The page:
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Autumn Beauties

Originally published in the Ithaca Journal, August 2002
By Mary Hirshfeld, Horticultural Curator at Cornell Plantations

With Labor Day past, the end of summer seems nearby and the gardening season nearly at an end. Yet there are a number of lovely herbaceous perennials that are just getting started as the traditional gardening season draws to a close.

Yellow Waxbells
Kirengeshoma palmata, a woodland plant native to Japan, produces a profusion of nodding yellow bell-shaped flowers with delicately arched petals, starting at the end of August and continuing well into September. At Cornell Plantations, a mass planting of Kirengeshoma, located on the slope above the chipped pathway on the west side of Comstock Knoll, always elicits admiration. The pendulous flowers weigh the stems down slightly, so they are best seen from the path below. Although for most of the gardening season, Kirengeshoma has only its leaves to offer, they are large, bold leaves. So, the bushy 3- to 4-foot-tall plants manage to establish quite a presence in the garden, even without their flowers.

Dwarf Cyclamen
A plant that doesn't appear at all until early fall is the diminutive Cyclamen hederifolium, a hardy miniature version of the cyclamen sold by florists. Native to southwestern Europe into the Mediterranean region, Cyclamen hederifolium, like its flower store relative, is a tuberous plant. This means that it has an underground stem that stores carbohydrates and requires a dry dormant period, similar to crocuses or other bulbous plants. The leafless flower stalks literally pop out of the ground in September, each topped by a delicate pink or white flower that looks like an inverted bishop's cap. The flowers are quickly Dwarf Cyclamen followed by the unfurling of beautifully marbled silver and green leaves. The flowers bloom even through several hard frosts, and the evergreen leaves stay attractive throughout the winter--although in our climate they are often buried beneath the snow. By early summer the leaves begin to yellow and die down as the plants enter their summer dormancy. Cyclamen hederifolium is a lovely and very long-lived perennial that is well worth finding a partially shaded spot for in your garden. Look for these plants in the shaded part of the Groundcover Collection, which surrounds Plantations' Headquarters Building.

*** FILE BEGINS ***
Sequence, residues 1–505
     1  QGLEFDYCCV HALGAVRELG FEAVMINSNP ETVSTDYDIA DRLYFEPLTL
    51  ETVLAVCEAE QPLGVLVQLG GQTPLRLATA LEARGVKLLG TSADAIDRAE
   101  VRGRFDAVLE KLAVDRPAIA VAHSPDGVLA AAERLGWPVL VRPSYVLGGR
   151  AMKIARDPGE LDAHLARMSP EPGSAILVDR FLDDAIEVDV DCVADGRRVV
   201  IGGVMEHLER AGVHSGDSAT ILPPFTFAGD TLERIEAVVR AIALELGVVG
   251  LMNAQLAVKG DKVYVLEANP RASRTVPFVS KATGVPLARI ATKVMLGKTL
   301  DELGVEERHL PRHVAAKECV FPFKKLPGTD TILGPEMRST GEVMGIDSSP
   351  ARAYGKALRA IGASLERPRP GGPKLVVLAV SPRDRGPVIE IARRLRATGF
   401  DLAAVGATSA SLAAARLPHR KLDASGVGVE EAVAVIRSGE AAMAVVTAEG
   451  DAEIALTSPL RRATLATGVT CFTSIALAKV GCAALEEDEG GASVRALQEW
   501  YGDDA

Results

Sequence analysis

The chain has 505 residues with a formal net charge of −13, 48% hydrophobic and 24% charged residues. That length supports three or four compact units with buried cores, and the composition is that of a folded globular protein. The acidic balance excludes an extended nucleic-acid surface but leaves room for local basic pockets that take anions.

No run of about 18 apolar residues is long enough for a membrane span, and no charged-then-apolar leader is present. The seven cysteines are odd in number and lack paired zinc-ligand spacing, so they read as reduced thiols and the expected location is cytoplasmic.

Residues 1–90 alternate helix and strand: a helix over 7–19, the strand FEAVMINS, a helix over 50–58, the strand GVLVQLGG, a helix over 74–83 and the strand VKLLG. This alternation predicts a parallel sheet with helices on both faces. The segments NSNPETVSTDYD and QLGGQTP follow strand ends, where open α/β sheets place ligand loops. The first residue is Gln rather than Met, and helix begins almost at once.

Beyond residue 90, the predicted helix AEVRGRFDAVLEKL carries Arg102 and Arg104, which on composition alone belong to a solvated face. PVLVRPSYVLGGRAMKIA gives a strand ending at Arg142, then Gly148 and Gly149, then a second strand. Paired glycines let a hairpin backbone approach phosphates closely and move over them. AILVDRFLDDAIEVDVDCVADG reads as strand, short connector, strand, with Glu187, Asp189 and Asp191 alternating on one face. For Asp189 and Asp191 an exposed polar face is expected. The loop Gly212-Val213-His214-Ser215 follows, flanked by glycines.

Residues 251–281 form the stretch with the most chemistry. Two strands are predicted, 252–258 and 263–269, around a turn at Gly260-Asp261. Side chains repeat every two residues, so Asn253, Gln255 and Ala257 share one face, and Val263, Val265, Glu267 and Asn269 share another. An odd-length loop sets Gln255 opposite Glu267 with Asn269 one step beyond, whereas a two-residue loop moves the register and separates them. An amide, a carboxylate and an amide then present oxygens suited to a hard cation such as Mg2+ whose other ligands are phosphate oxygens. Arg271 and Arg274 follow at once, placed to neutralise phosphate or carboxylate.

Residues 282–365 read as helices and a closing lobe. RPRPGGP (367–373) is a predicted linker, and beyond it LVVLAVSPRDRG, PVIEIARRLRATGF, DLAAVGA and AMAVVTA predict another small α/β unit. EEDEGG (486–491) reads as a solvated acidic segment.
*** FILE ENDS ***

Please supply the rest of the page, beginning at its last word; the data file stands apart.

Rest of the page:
Hosta Tardiflora
A plant on a scale to match the tiny hardy cyclamen is the late-blooming hosta (Hosta tardiflora). Only 8 to 10" in height when in full flower, this diminutive green-leaved hosta is often overlooked in favor of the larger, more boldly-colored hybrids. At home in a shaded rock garden or along the edge of a shaded perennial garden, Hosta tardiflora carries crisply attractive dark green leaves throughout the summer. In September, it lifts spires of small, surprisingly showy lavender flowers above its clumps of basal foliage.